Is there a downside to compromise? Dan Berger, president and CEO of the National Association of Federal Credit Unions thinks so. In an editorial published in the association’s newsletter on February 24, he discussed his regrets that the Consumer Financial Protection Bureau (CFPB) has the authority to regulate credit unions.
He said that sometimes the surest way to log a “win” is to strike a compromise, but the compromise worked out concerning the enactment of the Dodd-Frank Act and creation of the Consumer Financial Protection Bureau has not been favorable to NAFCU and its customers. NAFCU and its board vehemently opposed the CFPB having any rulemaking authority over credit unions, while other groups folded.
Over time, the association has held to these views. In 2015, then-SRP FCU President and CEO Ed Templeton said, “As expected, the breadth and pace of CFPB rulemaking is troublesome, and the unprecedented new compliance burden placed on credit unions has been immense. Many smaller institutions simply cannot keep up with the new regulatory tide and have had to merge out of business or be taken over.”
Berger feels that this is one compromise that hasn’t worked out well. The CFPB’s reach is ever expanding and CUs are forced to deal with the growing compliance burden.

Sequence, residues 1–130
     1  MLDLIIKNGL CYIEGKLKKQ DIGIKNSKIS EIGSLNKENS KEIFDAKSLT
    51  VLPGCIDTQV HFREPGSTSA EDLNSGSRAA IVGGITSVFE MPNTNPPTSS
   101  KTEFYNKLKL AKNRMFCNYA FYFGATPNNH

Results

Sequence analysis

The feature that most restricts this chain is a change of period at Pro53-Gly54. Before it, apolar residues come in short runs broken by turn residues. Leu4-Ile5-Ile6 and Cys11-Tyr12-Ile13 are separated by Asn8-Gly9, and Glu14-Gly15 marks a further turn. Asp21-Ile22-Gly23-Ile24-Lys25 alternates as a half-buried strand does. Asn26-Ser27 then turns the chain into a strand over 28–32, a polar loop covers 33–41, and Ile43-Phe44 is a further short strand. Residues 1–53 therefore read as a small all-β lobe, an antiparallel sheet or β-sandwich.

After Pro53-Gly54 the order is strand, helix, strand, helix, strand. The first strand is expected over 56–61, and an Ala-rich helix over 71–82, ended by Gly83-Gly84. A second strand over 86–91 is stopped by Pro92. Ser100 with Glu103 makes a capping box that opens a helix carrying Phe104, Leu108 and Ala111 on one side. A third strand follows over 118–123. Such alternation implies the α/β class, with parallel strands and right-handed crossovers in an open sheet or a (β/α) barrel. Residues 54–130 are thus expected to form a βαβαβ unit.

Case in point: compliance deadlines for the amendments to the mortgage servicing rules, the new Home Mortgage Disclosure Act rules and the Bureau’s final rule on prepaid accounts all converge this fall.
“This is not to say that NAFCU and its members don’t support the CFPB’s goal of protecting consumers–we do,” Berger said. “However, credit unions did not participate in the activities that led to the 2008 financial crisis that the Bureau was created to address.”
All these current and pending rules explain why NAFCU has been locked in a fight with the CFPB over how it should not be regulating the credit union industry. “NAFCU always serves in the best interests of the association’s members and the industry as a whole. That will not change,” he wrote.
Berger and others, no doubt, are hoping for a miracle on May 24 when the U.S. Court of Appeals of the D.C. Circuit will review a ruling that struck down the CFPB. This action sets the stage for a legal fight that carries significant implications for the future of the agency in the Trump administration. It also gives the CFPB another chance to defend itself as Republicans in Congress, push to roll back the agency’s authority.
Berger explained that the credit union industry is in need of regulatory relief, and one easy way to accomplish that “would be to pull credit unions out from under the regulatory authority of the CFPB–or, at the very least, limit the number of rules from the bureau that would apply to credit unions.”
“No one–especially not a government bureau–knows the individual financial needs of members better than the credit unions that serve them,” he wrote. “NAFCU will continue this fight–with no compromise–so credit unions can continue to operate in the upright manner they always have for their 106 million members.”